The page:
The intake of this type of food is also linked to the figures in Spain: 18% of children are obese or overweight.
According to the World Health Organization, 39 million children were overweight or obese in 2020 , increasing risks of heart disease, diabetes, cancer, and premature death. In our country the figures are also worrying since it reaches 18% of boys and girls. In fact, it is the third country in Europe with the highest rate of childhood obesity.
Experts distinguish two types of main causes in this regard . The first, most obvious and most achievable prevention measures are to stop eating late at night, eat very fast and obviously the intake of ultra-processed foods.
But there is a second cause that, although it can be prevented, is much more complex: it is about acting from the pregnancy . For example, a relationship has been detected between eating fish more than three times a week during pregnancy and childhood obesity.
And something similar happens with the consumption of ultra-processed foods during pregnancy, according to a study published in the ‘British Medical Journal’.
Nutrition experts distinguish three types of food in this area : those that have not been processed, processed and ultra-processed. The latter are those that have undergone some industrial process, that is, they have added colorants, flavorings, additives or “trans” fats, among other substances, to improve their appearance or taste. Examples of these are industrial pastries, sugary soft drinks, sugary cereals, fast food, etc.
Until now it was not clear if there was a link between the consumption of ultra-processed foods during pregnancy and the weight in childhood of their children. To explore this further, a team of Harvard scientists led by Andrew Chan analyzed data from the Nurses’ Health Study (NHS) which includes information from 19,958 children born to 14,553 mothers. Since 1991, NHS volunteers have reported what they ate and drank, using validated food frequency questionnaires.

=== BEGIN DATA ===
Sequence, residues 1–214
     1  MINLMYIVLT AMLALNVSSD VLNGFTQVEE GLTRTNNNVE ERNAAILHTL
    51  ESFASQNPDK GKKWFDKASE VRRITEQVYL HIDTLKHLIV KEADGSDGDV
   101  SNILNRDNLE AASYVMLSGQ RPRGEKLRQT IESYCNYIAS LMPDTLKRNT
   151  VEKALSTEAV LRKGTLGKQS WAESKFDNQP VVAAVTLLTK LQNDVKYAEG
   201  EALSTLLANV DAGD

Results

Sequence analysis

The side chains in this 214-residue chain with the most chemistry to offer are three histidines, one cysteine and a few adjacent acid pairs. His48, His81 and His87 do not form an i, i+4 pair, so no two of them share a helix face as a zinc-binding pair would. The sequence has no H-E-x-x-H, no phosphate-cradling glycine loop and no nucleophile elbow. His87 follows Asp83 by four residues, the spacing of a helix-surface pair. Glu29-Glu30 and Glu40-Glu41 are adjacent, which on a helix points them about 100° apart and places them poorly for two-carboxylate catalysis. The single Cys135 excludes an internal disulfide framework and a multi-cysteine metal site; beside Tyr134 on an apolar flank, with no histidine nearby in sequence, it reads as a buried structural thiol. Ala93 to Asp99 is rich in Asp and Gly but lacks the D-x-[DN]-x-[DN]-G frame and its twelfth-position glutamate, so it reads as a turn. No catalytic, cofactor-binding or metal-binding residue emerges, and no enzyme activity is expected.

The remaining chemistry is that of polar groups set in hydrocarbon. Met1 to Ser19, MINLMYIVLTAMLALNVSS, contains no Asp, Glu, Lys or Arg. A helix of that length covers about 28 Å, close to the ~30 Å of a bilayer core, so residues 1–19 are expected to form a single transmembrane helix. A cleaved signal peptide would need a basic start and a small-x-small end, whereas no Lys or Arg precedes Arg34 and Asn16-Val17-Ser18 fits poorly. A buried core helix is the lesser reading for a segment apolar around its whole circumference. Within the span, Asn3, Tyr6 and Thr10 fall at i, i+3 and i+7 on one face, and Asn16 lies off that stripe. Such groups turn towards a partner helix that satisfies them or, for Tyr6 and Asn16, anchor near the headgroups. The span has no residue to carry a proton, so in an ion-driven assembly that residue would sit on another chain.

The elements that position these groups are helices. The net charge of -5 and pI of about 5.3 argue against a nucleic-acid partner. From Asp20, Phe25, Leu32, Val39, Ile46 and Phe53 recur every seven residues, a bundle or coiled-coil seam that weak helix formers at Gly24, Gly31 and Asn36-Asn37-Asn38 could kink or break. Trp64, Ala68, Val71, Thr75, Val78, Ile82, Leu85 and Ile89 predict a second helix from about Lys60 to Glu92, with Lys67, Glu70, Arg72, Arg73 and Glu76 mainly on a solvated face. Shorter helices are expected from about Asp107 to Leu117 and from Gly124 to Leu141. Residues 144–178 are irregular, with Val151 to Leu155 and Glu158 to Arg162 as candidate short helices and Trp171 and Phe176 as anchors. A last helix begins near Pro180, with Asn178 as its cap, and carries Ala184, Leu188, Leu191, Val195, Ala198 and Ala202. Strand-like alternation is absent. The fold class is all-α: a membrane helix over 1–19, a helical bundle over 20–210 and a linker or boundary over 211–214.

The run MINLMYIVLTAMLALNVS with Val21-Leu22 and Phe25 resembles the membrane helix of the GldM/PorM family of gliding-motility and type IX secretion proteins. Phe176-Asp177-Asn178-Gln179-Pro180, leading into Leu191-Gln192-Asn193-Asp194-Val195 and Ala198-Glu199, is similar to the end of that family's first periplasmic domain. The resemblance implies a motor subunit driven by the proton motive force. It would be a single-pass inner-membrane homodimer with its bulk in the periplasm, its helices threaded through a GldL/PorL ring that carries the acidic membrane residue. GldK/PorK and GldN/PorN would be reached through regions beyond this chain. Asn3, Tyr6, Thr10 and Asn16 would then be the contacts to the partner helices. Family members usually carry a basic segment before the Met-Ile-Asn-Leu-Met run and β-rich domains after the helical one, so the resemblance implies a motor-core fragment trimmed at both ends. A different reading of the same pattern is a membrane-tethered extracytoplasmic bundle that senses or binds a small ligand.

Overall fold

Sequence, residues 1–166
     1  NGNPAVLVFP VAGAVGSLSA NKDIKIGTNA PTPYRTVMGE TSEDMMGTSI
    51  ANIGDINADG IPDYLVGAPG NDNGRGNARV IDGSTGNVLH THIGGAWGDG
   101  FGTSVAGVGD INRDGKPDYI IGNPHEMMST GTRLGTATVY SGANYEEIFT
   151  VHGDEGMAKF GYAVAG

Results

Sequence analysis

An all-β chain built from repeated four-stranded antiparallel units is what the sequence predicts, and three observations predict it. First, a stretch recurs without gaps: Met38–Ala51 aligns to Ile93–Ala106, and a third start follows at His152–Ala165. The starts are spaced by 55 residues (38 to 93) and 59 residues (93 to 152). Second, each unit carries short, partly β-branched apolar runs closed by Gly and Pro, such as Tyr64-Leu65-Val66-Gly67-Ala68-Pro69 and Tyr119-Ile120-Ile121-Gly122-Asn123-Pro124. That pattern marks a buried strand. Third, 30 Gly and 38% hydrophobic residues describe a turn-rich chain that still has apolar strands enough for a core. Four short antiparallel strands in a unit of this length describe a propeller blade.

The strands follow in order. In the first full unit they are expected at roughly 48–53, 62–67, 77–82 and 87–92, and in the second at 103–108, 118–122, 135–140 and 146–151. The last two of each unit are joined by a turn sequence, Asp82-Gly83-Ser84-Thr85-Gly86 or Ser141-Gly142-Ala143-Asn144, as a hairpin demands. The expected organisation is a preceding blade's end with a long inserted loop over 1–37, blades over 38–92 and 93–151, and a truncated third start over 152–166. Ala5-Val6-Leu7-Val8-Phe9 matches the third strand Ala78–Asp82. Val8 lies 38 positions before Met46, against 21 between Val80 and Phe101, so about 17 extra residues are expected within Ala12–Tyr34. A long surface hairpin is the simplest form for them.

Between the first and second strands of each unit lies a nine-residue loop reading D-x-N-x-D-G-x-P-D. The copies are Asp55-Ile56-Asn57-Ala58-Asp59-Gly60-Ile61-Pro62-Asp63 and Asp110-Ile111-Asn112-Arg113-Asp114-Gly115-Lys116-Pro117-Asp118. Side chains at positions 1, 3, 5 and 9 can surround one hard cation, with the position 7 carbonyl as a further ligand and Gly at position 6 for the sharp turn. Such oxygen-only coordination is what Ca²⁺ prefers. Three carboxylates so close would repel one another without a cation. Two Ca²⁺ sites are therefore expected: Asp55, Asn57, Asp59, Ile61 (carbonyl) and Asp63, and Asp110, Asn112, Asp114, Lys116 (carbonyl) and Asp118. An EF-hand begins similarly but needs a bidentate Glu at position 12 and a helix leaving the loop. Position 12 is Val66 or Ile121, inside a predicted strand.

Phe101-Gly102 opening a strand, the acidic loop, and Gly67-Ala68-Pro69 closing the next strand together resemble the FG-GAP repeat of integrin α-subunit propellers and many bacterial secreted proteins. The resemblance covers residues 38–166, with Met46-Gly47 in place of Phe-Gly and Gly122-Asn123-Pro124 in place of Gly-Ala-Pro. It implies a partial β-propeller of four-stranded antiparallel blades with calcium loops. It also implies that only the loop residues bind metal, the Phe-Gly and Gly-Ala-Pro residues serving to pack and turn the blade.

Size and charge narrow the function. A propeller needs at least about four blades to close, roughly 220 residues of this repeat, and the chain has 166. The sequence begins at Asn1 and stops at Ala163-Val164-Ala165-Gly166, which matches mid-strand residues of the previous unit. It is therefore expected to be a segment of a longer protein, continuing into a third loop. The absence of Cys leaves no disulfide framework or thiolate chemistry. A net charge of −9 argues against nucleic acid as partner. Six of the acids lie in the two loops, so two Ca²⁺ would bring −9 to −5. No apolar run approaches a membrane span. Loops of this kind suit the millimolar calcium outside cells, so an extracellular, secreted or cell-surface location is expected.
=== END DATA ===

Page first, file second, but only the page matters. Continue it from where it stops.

To reach a conclusion, other potentially influential factors in childhood obesity were also taken into account , such as the weight of the mother, physical activity, smoking, family situation and the education of the father and mother together with the time of activity or sedentary lifestyle of the children. minors.
The results showed that a mother’s consumption of ultra-processed foods was associated with an increased risk of being overweight or obese in her offspring. For example, a 26% increased risk was seen in the ultra-processed food group, regardless of family circumstances in each group.
Although the authors acknowledge that more studies are needed to confirm these findings and understand the factors that could be responsible, they do stress that dietary guidelines should be much clearer and policy in this regard should be unanimous.
“We should not overlook the social determinants of health that could prevent women from reducing their intake of ultra-processed foods,” the authors conclude. “These may include lack of adequate time to prepare food, additional costs of a healthier diet (including limited shelf life that could result in more waste), the fact that most mothers are solely responsible for food in the household, and limited access to healthy food options due to geographic location or price “.